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The Effects of Seed Size, Cotyledon Reserves, and Herbivory on Seedling Survival and Growth in Quercus rugosa and Q. laurina (Fagaceae)

Consuelo Bonfil
American Journal of Botany
Vol. 85, No. 1 (Jan., 1998), pp. 79-87
Stable URL: http://www.jstor.org/stable/2446557
Page Count: 9
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Since scans are not currently available to screen readers, please contact JSTOR User Support for access. We'll provide a PDF copy for your screen reader.
The Effects of Seed Size, Cotyledon Reserves, and Herbivory on Seedling Survival and Growth in Quercus rugosa and Q. laurina (Fagaceae)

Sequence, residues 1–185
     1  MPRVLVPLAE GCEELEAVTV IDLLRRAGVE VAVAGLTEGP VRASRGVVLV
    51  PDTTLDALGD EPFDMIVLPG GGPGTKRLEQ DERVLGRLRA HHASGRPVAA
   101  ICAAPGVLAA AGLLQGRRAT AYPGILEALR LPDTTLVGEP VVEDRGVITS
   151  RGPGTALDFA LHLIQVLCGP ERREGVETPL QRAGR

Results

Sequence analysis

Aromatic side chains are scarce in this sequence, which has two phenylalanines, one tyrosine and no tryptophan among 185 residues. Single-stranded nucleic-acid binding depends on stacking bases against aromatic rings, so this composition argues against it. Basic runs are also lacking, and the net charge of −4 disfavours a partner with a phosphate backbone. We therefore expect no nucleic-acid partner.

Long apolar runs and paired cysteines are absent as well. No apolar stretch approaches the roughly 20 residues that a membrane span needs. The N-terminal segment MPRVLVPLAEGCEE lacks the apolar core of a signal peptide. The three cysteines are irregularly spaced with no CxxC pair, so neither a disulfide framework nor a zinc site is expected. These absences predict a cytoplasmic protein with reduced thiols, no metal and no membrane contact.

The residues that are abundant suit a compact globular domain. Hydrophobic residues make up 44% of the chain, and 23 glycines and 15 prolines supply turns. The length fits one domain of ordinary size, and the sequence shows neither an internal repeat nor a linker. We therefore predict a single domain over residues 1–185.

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Abstract

In a greenhouse experiment, seedling survival of two oak species (Quercus rugosa and Q. laurina) was greatly affected by the excision of cotyledons 1 mo after germination, with a greater impact on Q laurina. The effect of seed size was also significant for both species, with a positive correlation between seed mass and survival and growth. The effect of cotyledon excision on seedling growth persisted throughout the first growing season in Q. rugosa and was not analyzed for Q. laurina due to the low number of seedlings that survived cotyledon excision. Seed size significantly affected seedling height, diameter, leaf area, and biomass at 6 mo. Seed size and cotyledon retention affected the ability of Q. rugosa to recover from herbivory, as both factors had a significant effect on relative growth rates after aerial biomass removal The results show that seedlings originating from large seeds can better endure loss of cotyledons and aerial biomass and thus are better equipped to confront stress early in their lives.

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